This Week in Theaters: April 5, 2019

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Say my name and receive my powers! … Jud Crandall!

Awesome! Now I can bring animals back from the dead and make them less racist!

Wait. I don’t think that’s right. I’m getting mixed up again. All of this weeks wide releases just got jumbled up. Ahem. Let’s unjumble them and look at the week. Check out the newest episode of the Podcast to hear Bob, Cody, and Kim talk about this week and others for the next few months.

Wide Releases

Pet Sematary

Horror; Written by Jeff Buhler, screen story by Matt Greenburg (what?) from the novel by Stephen King; Directed by Kevin Kolsch & Dennis Widmyer; Starring Jason Clarke, John Lithgow; R; 1h41m

Sometimes dead is better. You said that in a Maine accent did ya, ayuh?  My frist and one of my favorite Stephen King books (hey, check out our Stephen King retrospective series!) is adapted for the second time after the 1989 Mary Lambert one that caused so many nightmares for my generation (sister Zelda!). Let’s not talk of the sequel – although it does have Clancy Brown! Hell yeah!
AVOID the second trailer. I’ve not seen it after hearing how spoiler it is. If you don’t know the plot let me tell you and then just go see it, don’t seek out more. Louis Creed is a doctor who has moved his family from the city to a country house next to a busy highway. Behind the house is a cemetery where local children have buried thier pets for generations. Further back is a Native American burial ground that brings the dead back… but different. A tragic accident tempts Louis to bury something back there. Horror ensues.
This looks great, honesty. The directors previously made Starry Eyes, recommended, so that’s good. John Lithgow is a goddamned national treasure. Reviews are rather positive  at 69 at Metacritic, although I’ve not read any to avoid spoilers for changes. (Today I learned the original was poorly received at a 38 average!) Bob, Cody, along with Amie and Adrienne from the Stephen King show will be seeing it Wed so expect a review shortly.


Superhero Comedy; Written by Henry Gayden from the DC Comics character; Directed by David Sandberg; Starring Zachary Levi, Mark Strong, Jack Dylan Glazer. PG-13 2h12m.

Outside of Wonder Woman, this is the first time I’m wholly excited for a DCEU movie, without a caution to the optimism. Shazam, based on the DC hero who once was named Captain Marvel and outsold Superman in the 40s, looks like a ton of fun. The trailers have been charming and funny, without feeling forced; un-cynically satiring the genre. The story is a super-hero Big. Billy Batson is a 14 year old orphan. After defending his foster-brother – Eddie from It – he’s chosen to take the mantle of Shazam. When he’s the hero – he’s in a 30 adult body – so we get humour of a super-hero fan 14 year old in a superhero’s body. It looks earnest and a joy.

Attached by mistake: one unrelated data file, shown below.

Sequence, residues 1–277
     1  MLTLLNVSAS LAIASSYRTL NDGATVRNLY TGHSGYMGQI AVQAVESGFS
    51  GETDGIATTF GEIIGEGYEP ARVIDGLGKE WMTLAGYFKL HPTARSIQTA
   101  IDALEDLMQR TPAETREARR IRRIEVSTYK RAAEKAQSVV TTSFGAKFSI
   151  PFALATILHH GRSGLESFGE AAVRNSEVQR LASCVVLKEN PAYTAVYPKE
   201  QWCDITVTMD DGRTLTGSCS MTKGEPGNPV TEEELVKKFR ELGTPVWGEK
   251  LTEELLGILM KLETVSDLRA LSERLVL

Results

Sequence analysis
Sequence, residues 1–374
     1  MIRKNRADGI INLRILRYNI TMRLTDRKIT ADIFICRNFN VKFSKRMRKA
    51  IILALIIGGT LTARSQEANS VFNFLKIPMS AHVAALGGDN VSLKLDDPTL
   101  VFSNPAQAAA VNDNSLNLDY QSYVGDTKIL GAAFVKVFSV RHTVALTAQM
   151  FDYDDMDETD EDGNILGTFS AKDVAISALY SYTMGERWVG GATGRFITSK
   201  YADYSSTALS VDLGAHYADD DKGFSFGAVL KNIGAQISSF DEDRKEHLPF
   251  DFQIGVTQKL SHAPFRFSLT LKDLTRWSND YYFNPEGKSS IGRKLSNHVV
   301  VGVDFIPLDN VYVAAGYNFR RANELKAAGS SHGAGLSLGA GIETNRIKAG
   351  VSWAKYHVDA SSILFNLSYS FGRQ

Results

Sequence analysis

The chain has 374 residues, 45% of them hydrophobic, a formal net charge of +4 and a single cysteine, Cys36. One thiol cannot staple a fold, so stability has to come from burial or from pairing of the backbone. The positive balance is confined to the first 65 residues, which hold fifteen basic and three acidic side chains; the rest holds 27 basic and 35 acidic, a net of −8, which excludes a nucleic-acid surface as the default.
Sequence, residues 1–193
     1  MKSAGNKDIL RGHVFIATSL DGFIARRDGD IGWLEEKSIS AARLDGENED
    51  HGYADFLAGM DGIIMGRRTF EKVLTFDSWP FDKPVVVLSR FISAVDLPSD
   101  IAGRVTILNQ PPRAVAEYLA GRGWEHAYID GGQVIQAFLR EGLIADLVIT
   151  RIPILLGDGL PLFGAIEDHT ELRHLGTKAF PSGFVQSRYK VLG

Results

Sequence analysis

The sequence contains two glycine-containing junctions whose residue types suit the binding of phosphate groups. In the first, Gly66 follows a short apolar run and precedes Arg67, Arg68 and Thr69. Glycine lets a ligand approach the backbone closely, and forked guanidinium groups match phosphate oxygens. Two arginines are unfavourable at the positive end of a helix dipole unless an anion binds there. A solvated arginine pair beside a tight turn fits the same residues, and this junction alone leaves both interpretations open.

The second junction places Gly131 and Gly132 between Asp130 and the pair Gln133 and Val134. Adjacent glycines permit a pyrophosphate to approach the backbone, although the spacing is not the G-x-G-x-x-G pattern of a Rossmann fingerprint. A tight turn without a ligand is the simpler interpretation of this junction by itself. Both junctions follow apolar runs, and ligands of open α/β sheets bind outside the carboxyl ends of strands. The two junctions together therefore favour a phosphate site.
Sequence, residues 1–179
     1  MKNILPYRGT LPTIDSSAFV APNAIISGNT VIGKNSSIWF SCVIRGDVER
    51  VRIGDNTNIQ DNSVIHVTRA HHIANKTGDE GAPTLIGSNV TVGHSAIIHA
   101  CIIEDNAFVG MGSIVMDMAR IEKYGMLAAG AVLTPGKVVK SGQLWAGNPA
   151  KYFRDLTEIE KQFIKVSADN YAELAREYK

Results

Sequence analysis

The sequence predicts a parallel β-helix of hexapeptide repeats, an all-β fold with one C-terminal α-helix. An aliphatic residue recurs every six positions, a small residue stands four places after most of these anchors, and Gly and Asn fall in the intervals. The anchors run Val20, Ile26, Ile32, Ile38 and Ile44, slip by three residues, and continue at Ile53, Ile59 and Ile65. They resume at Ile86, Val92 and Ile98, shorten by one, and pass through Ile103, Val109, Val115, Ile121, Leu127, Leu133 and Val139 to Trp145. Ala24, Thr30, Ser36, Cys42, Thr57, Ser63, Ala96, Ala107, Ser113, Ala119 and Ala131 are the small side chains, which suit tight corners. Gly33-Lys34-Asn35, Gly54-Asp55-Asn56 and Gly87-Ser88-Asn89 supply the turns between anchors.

Reviews are very positive at 75 on Metacritic, only one point below Wonder Woman. Review blurbs point a light, fun excise from the normally dour DCEU that feels like an Amblin’ picture of the 80s.

PS  – it’s not an issue but dammit it bothers me in the trailer when he snacks as he leaves the convenience store change in each shot? It’s beer, then a bunch of random things.

The Best of Enemies

Drama, based on a true story; Written and Directed by Robin Bissell, from the book by Osha Gray Davidson. Starring Taraji P Henson, Sam Rockwell, Anne Heshe; PG-13

I seriously hope this story of degregating schools is Durham, NC doesnt’ become another Green Book – ignoring the most interesting parts of the story to become a “racist white dude becomes not-racist after befriending a black person.” The trailers seem to lead that way for Rockwell’s head of the local KKK. He’s picked to be the third person on a board to integrate local schools. He meets and befriends Henson’s opposition. Great cast and if done well heis can be good works.

This needs to be Henson’s movie. If it isn’t, I’ll be mad.

no reviews yet

Limited Releases

There’s a bunch so a quick run down this week

Amazing Grace – Documentary/Live Performance- 87 minutes – A recently found and restored 1972 Aretha Franklin peformance at a LA Baptist Church. Looks wowing. 96 on Metacritic makes it the #2 on Metacritic currently.

Billboard – Drama – 89 minutes – Eric Roberts (boo) and Heather Matazarro (yeah!) star in a film about a struggling radio station holding a billboard sitting contest. Wasn’t that a Boy Meets World episode with Shawn and the Super Bowl? One review on Metacritic is a 40.

High-Life – Sci-fi Drama – 110 minutes This I’m very excited for. Claire Denis tells the story of Robert Pattison and his daughter – the only ones left after the rest of their crew on a spaceship vanish. Looks wonderful, quietly distrubing, and weird. 81 on Metacritic.

Peterloo – historical drama – 154 minutes – Michael Leigh’s new film is the story of an awful massacre committed by British soldiers firing into a protest of 100,000 in Manchester in 1819. Reviews, averaging at 71, state it’s compelling and blood-boiling with a great look of detail.

The Public – Drama – 1h59m- The homeless of Cincinnati take shelter from the cold in a public library, causing a standoff with police. No Metacritic

Storm Boy – Drama – 1h39m -An older man (Geoffrey Rush) remembers being a young man during which he saved and raised a pelican. Sits at 60.

Suburban Birds – Drama; 1h54m; From China; a man investigates an empty neighborhood after siesmic issues. Here he reads a diary of a friend group and finds it relates to his life.It has a 66 average, and says it’s weird and enigmatic.

The Wind – horror – 1h26 – a woman alone in the prairies faces harsh isolation. 60 with even the meh reviews seemingly more positive. I’ll check it out.


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